John Spencer, The National Interest,

„For the U.S. military, there are basically two approaches to fighting in cities. The first can in part be traced to the 1972 failed rescue of the Israeli Olympians taken hostage in Munich. After that, specialized hostage rescue and close-quarter battle tactics were perfected by counterterrorism units and special operations forces and then passed to general purpose military forces. These “enter and clear a room” tactics are practiced religiously and are heavily dependent on actionable intelligence—in other words, knowing what target to attack.

The second approach is outright destruction. With roots traced to tactics like ancient siege warfare, U.S. forces will isolate all or part of a city and either control access to exhaust the supplies, support, or morale of its opponents until they surrender or move to clear every structure, building and room with maximum firepower, until all enemy personnel are found and killed. Often, this includes attempting to remove civilians so even more destruction can be employed, as U.S. forces did when they routed over a thousand insurgents in the 2004 Second Battle of Fallujah.“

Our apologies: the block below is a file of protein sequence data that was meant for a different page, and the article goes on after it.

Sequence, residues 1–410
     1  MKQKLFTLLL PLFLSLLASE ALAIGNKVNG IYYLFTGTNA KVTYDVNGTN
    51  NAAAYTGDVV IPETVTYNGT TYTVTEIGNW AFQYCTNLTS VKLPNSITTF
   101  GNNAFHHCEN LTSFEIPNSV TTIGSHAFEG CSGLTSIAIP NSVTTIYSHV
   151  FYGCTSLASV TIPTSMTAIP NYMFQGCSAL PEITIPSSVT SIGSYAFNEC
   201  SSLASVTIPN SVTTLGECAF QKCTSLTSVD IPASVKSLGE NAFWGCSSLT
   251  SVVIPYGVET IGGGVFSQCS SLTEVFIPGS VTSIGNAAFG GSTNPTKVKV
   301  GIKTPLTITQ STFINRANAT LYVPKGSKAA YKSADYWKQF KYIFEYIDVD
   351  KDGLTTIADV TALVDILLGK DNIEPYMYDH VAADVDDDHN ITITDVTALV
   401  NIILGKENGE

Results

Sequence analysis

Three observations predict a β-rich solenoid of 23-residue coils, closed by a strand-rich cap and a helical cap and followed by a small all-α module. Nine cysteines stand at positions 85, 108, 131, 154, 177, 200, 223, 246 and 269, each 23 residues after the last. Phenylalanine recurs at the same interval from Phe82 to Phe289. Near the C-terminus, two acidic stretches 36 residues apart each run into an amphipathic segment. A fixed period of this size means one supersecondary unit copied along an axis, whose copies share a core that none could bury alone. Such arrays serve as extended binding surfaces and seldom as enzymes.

The complete article can be read on the National Interest website.